Where has the summer gone? September is coming up fast, and as the constant stream of back-to-school ads tells us, the start of the school year is almost here. For children with speech, language, and communication disorders, this might mean starting or resuming school-based therapy services. Speech-language pathology services offered in schools are a great resource: in addition to being funded by the school, they’re also specifically focused on the child’s academic achievement. Unfortunately, because of this very specific focus on academic achievement, sometimes school-based services aren’t the best option for every child.
School systems typically only offer speech or language therapy services if the child’s communication disorder is impacting their ability to achieve academically. This unfortunately means than many children with communication disorders are not eligible for school-based therapy. This is often the case with articulation disorders, such as a lisp. A child who is having difficulty pronouncing certain speech sounds, but is otherwise performing well in school may not be provided speech therapy services. However, even if a articulation disorder does not directly affect academic performance, it can cause other issues which prevent a child from reaching their potential in school. Often an articulation disorder can breed feelings of shame or embarrassment, causing a child to participate less in the classroom.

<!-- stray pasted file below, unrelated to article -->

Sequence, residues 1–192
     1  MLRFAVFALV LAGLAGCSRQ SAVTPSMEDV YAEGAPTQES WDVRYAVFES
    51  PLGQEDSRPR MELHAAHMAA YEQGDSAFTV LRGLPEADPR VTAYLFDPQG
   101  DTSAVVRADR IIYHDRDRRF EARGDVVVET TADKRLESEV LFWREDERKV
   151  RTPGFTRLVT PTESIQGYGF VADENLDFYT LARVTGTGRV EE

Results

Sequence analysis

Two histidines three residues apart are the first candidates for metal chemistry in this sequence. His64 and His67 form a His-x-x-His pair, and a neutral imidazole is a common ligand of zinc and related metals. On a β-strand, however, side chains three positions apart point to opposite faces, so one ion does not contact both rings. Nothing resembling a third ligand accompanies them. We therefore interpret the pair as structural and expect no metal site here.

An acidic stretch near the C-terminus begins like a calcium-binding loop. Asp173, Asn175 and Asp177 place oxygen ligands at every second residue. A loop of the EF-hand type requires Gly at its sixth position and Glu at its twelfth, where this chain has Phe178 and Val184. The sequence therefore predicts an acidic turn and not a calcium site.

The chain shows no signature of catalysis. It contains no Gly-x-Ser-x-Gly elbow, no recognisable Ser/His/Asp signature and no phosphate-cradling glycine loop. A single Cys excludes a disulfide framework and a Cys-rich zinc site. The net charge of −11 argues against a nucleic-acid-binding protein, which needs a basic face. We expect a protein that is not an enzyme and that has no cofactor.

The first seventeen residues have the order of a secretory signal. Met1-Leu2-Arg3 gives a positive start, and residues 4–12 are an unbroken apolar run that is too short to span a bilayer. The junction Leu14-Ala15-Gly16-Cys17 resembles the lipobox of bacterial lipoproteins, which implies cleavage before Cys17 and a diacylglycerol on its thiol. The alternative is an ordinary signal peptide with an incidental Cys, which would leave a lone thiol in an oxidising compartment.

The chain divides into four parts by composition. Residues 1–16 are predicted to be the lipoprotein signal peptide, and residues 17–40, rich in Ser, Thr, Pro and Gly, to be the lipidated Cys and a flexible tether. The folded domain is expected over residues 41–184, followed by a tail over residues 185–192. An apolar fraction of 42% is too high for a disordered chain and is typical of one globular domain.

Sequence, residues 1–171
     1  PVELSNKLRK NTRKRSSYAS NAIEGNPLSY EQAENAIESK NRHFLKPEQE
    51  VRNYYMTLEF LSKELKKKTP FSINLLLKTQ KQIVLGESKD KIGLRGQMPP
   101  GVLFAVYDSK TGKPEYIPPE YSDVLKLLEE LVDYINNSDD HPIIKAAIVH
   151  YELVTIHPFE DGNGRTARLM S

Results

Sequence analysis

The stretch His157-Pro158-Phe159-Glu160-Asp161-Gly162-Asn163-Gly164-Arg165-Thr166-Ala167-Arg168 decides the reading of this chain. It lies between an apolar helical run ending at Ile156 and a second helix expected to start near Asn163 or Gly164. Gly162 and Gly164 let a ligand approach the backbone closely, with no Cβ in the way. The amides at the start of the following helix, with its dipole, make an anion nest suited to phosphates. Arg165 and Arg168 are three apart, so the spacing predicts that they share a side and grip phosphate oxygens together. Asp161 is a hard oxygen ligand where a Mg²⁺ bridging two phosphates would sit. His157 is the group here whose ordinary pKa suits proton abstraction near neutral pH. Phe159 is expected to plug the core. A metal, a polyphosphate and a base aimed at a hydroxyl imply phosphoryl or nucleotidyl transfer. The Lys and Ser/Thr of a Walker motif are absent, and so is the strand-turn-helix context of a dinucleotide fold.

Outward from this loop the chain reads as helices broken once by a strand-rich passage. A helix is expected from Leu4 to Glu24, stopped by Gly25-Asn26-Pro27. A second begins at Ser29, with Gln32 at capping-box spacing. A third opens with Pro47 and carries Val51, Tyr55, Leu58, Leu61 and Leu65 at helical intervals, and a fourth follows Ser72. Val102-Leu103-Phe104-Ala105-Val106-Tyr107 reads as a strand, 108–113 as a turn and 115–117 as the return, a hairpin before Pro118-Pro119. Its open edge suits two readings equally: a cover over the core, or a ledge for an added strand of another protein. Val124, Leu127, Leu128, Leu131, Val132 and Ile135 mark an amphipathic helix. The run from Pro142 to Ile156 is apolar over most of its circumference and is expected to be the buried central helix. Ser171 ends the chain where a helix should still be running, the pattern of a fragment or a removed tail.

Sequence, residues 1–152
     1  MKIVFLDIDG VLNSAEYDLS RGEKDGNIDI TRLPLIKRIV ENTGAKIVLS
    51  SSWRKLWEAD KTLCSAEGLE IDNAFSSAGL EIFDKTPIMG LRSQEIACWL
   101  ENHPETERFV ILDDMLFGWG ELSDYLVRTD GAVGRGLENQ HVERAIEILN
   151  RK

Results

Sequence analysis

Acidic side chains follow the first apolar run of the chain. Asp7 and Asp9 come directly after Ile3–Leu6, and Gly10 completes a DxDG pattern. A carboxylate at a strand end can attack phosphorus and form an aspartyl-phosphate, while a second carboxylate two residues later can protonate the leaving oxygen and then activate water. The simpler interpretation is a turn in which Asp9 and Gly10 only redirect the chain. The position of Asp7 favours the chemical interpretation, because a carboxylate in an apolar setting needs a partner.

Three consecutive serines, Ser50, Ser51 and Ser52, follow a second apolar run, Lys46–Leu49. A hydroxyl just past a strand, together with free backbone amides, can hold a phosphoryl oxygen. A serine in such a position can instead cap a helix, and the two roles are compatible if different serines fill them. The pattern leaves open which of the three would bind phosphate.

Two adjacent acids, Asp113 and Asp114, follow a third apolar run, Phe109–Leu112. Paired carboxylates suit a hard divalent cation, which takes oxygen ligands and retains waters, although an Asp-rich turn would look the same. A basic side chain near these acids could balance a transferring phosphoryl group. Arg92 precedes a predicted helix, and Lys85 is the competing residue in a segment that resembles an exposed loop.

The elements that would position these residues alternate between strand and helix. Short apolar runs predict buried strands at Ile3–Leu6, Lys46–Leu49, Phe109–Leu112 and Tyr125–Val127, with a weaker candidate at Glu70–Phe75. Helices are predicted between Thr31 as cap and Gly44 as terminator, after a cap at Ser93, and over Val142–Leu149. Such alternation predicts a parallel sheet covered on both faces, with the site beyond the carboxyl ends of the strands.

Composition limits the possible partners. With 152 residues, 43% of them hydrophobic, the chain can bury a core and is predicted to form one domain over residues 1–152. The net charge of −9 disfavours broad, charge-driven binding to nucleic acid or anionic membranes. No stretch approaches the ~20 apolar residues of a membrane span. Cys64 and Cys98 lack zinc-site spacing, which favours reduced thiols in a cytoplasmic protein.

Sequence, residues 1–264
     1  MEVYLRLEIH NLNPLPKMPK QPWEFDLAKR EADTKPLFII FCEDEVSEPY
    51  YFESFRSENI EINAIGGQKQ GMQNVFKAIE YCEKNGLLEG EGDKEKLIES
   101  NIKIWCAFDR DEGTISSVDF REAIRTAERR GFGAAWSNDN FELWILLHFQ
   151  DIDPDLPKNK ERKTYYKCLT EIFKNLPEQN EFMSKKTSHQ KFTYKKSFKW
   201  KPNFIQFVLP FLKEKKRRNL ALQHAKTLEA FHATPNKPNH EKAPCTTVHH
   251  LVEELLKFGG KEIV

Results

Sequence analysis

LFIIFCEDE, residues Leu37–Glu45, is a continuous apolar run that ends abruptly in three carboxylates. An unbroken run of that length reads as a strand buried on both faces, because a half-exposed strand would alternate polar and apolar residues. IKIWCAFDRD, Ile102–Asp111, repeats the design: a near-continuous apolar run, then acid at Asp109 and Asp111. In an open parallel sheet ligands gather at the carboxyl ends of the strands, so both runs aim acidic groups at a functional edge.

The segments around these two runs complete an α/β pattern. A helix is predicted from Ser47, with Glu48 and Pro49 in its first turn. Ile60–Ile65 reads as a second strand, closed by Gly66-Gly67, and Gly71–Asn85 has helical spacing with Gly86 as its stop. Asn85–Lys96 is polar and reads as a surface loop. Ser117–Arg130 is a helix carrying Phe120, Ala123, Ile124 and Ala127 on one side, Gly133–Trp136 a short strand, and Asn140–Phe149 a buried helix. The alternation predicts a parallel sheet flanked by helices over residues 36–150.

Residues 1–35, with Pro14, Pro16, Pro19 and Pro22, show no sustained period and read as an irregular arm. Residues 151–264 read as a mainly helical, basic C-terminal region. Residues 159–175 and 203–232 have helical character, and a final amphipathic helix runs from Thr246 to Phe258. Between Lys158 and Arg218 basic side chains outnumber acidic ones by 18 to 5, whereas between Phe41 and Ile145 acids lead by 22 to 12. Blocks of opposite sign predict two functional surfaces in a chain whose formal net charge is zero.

Another communication disorder that may not be covered under school-based services is pragmatic language skills, or the social use of language. Just like articulation issues, the social use of language may not be viewed as directly affecting academic achievement. However, the ability to use language appropriately in the classroom and with peers is essential to forming relationships and communicating effectively. If these skills aren’t learned, the effects can often be felt throughout an individual’s life, causing difficulty in professional and personal relationships.
Over time, “non-academic” communication disorders can cause low self-esteem, social difficulties, and significantly impact school performance. In these cases, seeking speech-language therapy services outside of the school is often the best option. A speech-language pathologist can work with a child one-to-one and target their specific areas of difficulty to create a personalized therapy plan that will help them to improve their communication, and head off future social and academic issues.
Want to learn more? If you have any questions or would like to know more about speech-language therapy, give me a call at (212) 308-7725 or send an e-mail to firstname.lastname@example.org. I’d be happy to chat and answer any questions you may have.
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